It is important to make a will because: if you die without a will, there are certain rules which dictate how the money, property or possessions should be allocated. This may not be the way that you would have wished your money and possessions to be distributed. 
In fact, a will may be the most important document that you ever write, because it allows you to select the persons who will receive what you own when you die. If you don't have one in place, you cannot select the recipients of your property and the state you reside in will determine how your property is divided. 

What if There Is No Will 

When a person dies without leaving a valid will, their property (the estate) must be shared out according to certain rules. These are called the rules of intestacy. A person who dies without leaving a will is called an intestate person. 
Only married or civil partners and some other close relatives can inherit under the rules of intestacy. 
If someone makes a will but it is not legally valid, the rules of intestacy decide how the estate will be shared out, not the wishes expressed in the will. 
For more information about what is a valid will, see Wills

Married partners and civil partners 

Married partners or civil partners inherit under the rules of intestacy only if they are actually married or in a civil partnership at the time of death. So if you are divorced or if your civil partnership has been legally ended, you can’t inherit under the rules of intestacy. 
Partners who separated informally can still inherit under the rules of intestacy. Cohabiting partners (sometimes wrongly called 'common-law' partners) who were neither married nor in a civil partnership can't inherit under the rules of intestacy. 
If there are surviving children, grandchildren or great-grandchildren of the 
person who died and the estate is valued at more than £270,000, the partner will inherit: 
all the personal property and belongings of the person who has died, and 
the first £270,000 of the estate, and 
half of the remaining estate. 
If there are no surviving children, grandchildren or great-grandchildren, the partner will inherit: 
all the personal property and belongings of the person who has died and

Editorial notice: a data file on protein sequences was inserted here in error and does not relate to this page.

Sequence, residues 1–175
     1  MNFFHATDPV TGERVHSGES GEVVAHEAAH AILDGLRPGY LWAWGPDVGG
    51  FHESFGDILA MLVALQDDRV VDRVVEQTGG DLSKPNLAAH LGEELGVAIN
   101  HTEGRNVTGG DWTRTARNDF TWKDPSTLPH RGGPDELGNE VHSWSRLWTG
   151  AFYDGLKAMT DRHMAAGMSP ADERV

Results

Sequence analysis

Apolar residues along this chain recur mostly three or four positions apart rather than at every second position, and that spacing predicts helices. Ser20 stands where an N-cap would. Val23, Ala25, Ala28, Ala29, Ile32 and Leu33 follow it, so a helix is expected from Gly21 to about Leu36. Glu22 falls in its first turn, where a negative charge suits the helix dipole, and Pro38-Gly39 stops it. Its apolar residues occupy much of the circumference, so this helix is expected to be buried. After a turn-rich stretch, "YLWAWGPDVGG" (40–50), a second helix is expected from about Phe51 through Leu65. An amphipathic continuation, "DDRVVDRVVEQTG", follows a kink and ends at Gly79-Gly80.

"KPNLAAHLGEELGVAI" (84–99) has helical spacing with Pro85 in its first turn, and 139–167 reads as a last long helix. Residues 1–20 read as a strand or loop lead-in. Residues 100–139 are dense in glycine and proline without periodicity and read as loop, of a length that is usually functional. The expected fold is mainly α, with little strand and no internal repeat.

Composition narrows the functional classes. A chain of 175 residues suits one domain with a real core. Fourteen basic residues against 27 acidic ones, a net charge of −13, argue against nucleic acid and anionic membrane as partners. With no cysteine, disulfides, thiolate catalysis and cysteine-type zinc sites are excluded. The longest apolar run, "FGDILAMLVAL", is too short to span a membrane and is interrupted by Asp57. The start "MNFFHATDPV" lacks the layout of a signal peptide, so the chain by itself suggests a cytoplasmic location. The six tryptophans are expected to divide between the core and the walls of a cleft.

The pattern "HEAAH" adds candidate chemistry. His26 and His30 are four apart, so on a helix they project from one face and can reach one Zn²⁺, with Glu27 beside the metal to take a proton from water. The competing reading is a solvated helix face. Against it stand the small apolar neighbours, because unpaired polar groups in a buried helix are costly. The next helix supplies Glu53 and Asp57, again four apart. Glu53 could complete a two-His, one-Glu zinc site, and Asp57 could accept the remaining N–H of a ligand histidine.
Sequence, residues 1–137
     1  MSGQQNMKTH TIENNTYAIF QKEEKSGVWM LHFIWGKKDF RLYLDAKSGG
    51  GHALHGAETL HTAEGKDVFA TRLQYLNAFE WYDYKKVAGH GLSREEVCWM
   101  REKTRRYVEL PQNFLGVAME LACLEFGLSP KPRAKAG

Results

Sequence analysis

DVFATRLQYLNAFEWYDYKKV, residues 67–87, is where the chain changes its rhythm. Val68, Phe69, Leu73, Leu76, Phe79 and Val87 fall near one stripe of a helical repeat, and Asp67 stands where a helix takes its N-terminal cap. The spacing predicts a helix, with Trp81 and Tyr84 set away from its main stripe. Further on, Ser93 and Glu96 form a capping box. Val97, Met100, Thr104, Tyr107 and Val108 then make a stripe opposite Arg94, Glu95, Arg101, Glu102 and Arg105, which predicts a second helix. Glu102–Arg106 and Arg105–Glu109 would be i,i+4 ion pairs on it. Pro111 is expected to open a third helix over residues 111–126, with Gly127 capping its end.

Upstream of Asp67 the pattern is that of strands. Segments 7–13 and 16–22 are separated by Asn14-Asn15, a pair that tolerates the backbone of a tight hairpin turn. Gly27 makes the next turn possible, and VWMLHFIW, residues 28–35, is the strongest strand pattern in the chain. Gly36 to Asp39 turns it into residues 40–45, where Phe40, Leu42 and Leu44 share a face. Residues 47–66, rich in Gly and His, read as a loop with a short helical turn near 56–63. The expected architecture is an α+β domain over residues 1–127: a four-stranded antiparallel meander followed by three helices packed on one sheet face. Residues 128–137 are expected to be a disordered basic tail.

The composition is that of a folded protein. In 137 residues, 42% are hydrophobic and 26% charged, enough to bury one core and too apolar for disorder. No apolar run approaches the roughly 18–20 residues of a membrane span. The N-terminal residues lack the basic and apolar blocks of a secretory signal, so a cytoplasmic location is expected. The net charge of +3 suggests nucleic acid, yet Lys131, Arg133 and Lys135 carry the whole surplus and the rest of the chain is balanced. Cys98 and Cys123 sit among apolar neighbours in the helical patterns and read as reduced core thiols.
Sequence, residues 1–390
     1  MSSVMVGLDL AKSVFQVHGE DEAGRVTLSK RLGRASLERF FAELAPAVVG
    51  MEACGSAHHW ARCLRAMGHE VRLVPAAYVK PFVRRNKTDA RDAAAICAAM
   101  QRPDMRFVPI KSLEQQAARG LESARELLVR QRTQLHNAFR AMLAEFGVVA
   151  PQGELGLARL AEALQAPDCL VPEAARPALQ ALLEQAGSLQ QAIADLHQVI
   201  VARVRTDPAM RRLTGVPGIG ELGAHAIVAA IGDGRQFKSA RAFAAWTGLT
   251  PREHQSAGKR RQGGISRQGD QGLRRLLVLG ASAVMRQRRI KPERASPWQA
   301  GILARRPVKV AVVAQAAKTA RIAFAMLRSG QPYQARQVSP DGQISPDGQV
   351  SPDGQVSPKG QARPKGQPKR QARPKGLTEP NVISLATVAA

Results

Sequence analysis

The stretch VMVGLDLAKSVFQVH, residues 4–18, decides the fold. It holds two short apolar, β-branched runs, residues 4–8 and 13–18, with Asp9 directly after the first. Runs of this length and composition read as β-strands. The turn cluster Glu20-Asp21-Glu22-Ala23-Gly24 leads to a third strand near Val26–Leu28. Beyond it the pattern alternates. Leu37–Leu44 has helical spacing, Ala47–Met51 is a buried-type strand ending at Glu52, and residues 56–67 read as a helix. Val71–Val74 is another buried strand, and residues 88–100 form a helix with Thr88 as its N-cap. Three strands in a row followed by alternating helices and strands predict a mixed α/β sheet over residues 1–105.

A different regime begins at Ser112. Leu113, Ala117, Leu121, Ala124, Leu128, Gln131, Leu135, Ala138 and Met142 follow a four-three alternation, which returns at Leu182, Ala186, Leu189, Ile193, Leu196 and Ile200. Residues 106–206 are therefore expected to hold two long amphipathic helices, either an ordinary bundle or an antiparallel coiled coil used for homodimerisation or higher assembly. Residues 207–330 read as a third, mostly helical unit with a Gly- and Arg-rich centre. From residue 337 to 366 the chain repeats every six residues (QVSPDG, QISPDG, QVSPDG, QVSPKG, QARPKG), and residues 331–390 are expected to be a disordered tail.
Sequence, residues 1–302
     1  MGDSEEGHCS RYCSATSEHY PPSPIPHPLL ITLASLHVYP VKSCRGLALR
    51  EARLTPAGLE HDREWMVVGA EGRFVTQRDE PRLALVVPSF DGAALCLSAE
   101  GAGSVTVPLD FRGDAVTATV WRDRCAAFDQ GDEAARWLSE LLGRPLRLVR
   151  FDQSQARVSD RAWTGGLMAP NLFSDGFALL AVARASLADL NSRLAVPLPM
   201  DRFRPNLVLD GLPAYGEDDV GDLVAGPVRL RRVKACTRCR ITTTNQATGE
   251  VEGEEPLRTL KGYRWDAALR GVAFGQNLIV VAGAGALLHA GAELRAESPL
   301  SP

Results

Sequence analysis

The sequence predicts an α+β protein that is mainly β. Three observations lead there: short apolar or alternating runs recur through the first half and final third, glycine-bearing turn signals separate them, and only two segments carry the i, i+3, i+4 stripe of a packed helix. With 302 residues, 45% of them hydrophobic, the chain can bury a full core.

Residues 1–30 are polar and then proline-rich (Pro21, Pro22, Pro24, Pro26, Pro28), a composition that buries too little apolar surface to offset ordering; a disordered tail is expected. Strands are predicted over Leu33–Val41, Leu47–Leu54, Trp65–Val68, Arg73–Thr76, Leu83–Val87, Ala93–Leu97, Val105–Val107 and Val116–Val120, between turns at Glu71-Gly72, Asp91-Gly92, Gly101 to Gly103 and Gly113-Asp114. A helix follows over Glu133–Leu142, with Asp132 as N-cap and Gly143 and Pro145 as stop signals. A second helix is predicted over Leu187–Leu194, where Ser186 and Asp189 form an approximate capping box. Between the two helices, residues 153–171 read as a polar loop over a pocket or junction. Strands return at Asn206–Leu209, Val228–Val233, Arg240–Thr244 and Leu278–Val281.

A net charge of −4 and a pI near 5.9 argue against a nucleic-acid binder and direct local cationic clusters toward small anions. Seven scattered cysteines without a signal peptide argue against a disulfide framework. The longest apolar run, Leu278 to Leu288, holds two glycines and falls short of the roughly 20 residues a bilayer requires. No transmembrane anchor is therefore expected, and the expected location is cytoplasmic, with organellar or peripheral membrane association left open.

the whole of the estate with interest from the date of death. 

Jointly-owned property 

Couples may jointly own their home. There are two different ways of jointly owning a home. These are beneficial joint tenancies and tenancies in common. 
If the partners were beneficial joint tenants at the time of the death, when the first partner dies, the surviving partner will automatically inherit the other partner's share of the property. However, if the partners are tenants in common, the surviving partner does not automatically inherit the other person's share. 
Couples may also have joint bank or building society accounts. If one dies, the other partner will automatically inherit the whole of the money. 
Property and money that the surviving partner inherits does not count as part of the estate of the person who has died when it is being valued for the intestacy rules. 


Children of the intestate person will inherit if there is no surviving married or civil partner. If there is a surviving partner, they will inherit only if the estate is worth more than a certain amount. 
Children - if there is no surviving married or civil partner 
If there is no surviving partner, the children of a person who has died without leaving a will inherit the whole estate. This applies however much the estate is worth. If there are two or more children, the estate will be divided equally between them. 
Children - if there is a surviving partner 
If there is a surviving partner, a child only inherits from the estate if the estate is valued at over £270,000. If there are two or more children, the children will inherit in equal shares: 
• one half of the value of the estate above £270,000. 
All the children of the parent who has died intestate inherit equally from the estate. This also applies where a parent has children from different relationships. 
For example: Alan and Grace were married and have two children, Tim and Annie. Alan and Grace get divorced. Alan then has a child, Mark, with his new partner Beata. Alan and Beata do not marry. Alan dies. Grace does not inherit under the intestacy rules because she is divorced from Alan and neither does Beata because she has not married Alan. Tim, Annie and Mark inherit all of Alan's estate in equal shares.